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By Used with permission from the Boston Globe Online.

By Erica Noonan

Globe Staff

Get your popcorn, your peanuts, and your Jack Kerouac?

The Lowell Spinners have proposed a postmodern, plastic way to honor the Beat poet, author, and favorite native son: the bobblehead doll.

The team has declared Aug. 21 as Jack Kerouac Night at LeLacheur Ballpark and the first 1,000 ticket holders to arrive for the Spinners-Williamsport Crosscutters matchup will receive a springy-headed Kerouac wearing a flannel shirt and toting an 'On the Road'-style rucksack.

The offbeat promotion was the brainchild of Lowell Spinner public relations director Jon Goode, who pitched the idea several months ago to Hilary Holladay, a English professor at the University of Massachusetts at Lowell and aKerouac scholar.

Holladay was thrilled the Spinners wanted to help promote Kerouac, and plug the university's upcoming Kerouac Conference on Beat Literature, scheduled for Oct. 2-3.

But she was a bit dubious about turning a literary icon into a tacky plastic toy. 'I wasn't really familiar with the bobblehead concept, to be honest,' Holladay said.

Then she considered how Kerouac loved playing sandlot baseball in his Pawtucketville neighborhood as a boy, and even created an elaborate fantasy baseball game with more than 100 handwritten cards, now held in the permanent collection of the New York Public Library.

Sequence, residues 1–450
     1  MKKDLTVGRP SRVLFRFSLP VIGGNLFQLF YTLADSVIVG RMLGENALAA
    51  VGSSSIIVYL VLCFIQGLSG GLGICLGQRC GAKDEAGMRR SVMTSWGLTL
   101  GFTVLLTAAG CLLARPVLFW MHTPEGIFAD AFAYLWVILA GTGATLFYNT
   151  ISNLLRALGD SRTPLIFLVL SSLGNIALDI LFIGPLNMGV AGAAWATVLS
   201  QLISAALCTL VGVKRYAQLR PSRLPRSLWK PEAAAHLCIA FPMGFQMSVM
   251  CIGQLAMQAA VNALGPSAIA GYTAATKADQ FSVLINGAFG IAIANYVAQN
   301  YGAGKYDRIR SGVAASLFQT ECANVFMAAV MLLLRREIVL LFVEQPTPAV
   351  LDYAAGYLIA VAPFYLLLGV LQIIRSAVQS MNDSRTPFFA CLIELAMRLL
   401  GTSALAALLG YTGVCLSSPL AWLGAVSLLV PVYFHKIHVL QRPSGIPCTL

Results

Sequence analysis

'We thought he would be tickled. He loved Lowell, and always wanted a little more attention from his hometown, and how can you beat a bobblehead for attention?' Holladay said.

John Sampas, the executor of Kerouac's estate, approved the concept and the university sent the bobblehead makers a series of book jacket photos for inspiration.

A few tweaks were necessary, said Paul Marion, another UMass-Lowell Kerouac scholar, to ensure the doll had the author's distinctive black hair and blue eyes.

'There are maybe two American authors who could endure being bobbleheaded, Kerouac and Hemingway. Both are associated with athletic life and the outdoors and are very American figures.' said Marion, editor of 'Atop an Underwood,' a 1999 collection of Kerouac's earliest writings.

'Kerouac probably would have gotten a real kick out of it.'